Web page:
For purposes of denial, suspension, revocation, and/or restriction of a license or license application, statutes within the Insurance Code list specific grounds and also allow for action based upon findings that include, but are not limited to, the licensee or applicant lacking integrity, having a poor business reputation, or that permitting the licensee or applicant to hold an insurance license is against the public interest. The following is a partial list of crimes or acts that are substantially related to the qualifications, functions or duties of an insurance licensee:
(a) Any felony conviction;
(b) A misdemeanor conviction which evidences present or potential unfitness to perform the functions authorized by the license in the manner consistent with the public health, safety, and welfare, including but not limited to, soliciting, attempting, or committing crimes involving the following:
(1) Dishonesty or fraud;
(2) Any conviction arising out of acts performed in the business of insurance or any other licensed business or profession;
(3) Theft;
(4) Sexually related conduct affecting a person who is an observer or non-consenting participant in the conduct or convictions, or which requires registration pursuant to the provisions of Section 290 of the Penal Code;
(5) Resisting, delaying, or obstructing a public officer in violation of Penal Code Section 148;
(6) Any act or offense wherein the person willfully causes injury to the person or property of another;
(7) Violation of a relation of trust or confidence, or a breach of fiduciary duty;
(8) Multiple convictions which demonstrate a pattern of repeated and willful disregard for the law.
(c) Any act which demonstrates a willful attempt to derive a personal financial benefit through the nonpayment or underpayment of taxes, assessments, or levies duly imposed upon the licensee or applicant by federal, state or local government or a willful failure to comply with a court order.
§ 2183.3 Weight of Substantially Related Acts.
In considering discipline of a license or license application, the weight to be accorded to a substantially related crime or act described in Section 2183.2 (a), (b), or (c) may be determined by the application of guidelines including, but not limited to, the following:
(a) The extent to which the particular act or omission has adversely affected other person(s) or victim(s), including but not limited to, insurers, clients, employers or other persons, and the probability such adverse effects will continue;
(b) The recency or remoteness in time of the act, misconduct, or omission;
(c) The type of license applied for or held by the licensee or applicant involved;
(d) The extenuating or aggravating circumstances surrounding the act, misconduct, or omission;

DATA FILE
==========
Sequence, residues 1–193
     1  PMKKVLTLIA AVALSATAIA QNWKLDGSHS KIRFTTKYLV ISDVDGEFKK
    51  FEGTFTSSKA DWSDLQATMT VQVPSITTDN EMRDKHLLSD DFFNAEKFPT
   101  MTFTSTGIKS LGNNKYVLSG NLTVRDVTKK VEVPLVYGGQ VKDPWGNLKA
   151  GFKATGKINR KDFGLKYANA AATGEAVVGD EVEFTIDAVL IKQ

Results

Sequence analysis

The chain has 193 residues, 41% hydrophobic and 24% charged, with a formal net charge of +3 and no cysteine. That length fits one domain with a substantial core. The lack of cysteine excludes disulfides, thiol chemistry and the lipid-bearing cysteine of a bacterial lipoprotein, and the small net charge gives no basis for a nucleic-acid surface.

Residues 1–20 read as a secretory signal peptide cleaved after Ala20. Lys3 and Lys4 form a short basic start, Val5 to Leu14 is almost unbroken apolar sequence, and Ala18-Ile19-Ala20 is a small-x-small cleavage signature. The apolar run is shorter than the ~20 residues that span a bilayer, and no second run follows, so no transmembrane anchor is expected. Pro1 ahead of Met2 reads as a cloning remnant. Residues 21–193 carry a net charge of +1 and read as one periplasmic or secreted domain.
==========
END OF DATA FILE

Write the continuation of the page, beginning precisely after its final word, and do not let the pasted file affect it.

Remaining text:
(e) Whether the licensee or applicant has a history of prior license discipline, particularly where the prior discipline is for the same or similar type of conduct.
§ 2183.4 Criteria for Evaluating Rehabilitation.
The Commissioner may consider all of the evidence presented, including evidence offered by the licensee or applicant, to determine whether the licensee or applicant has sufficiently rehabilitated from the prior act, misconduct, or omission such that the licensee or applicant is fit to hold an insurance license. When evaluating the rehabilitation of an applicant for an insurance license, or when considering the suspension, revocation, and/or restriction of an insurance license, on the grounds of conviction of a crime or the commission of some other wrongful act, the Commissioner may consider criteria, including, but not limited to, the following:
(a) Nature and severity of the act, misconduct, or omission;
(b) Total criminal record;
(c) The time that has elapsed since commission of the act, misconduct, or omission; however, the mere passage of time without unlawful or wrongful activity is not alone sufficient to establish rehabilitation;
(d) Whether the licensee or applicant has complied with any terms of parole, probation, restitution or any other sanctions lawfully imposed against the licensee or applicant; however, termination of probation or parole or obtaining a Penal Code Section 1203.4 expungement of the conviction, or other comparable orders of a court, including federal courts, are not alone sufficient evidence of rehabilitation;
(e) Whether the licensee or applicant has made any restitution or done anything to recompense the injured party or to alleviate the wrong or damage caused by the act, misconduct, or omission;
(f) Significant and/or conscientious involvement in community or privately-sponsored programs designed to provide social benefits or to ameliorate social problems.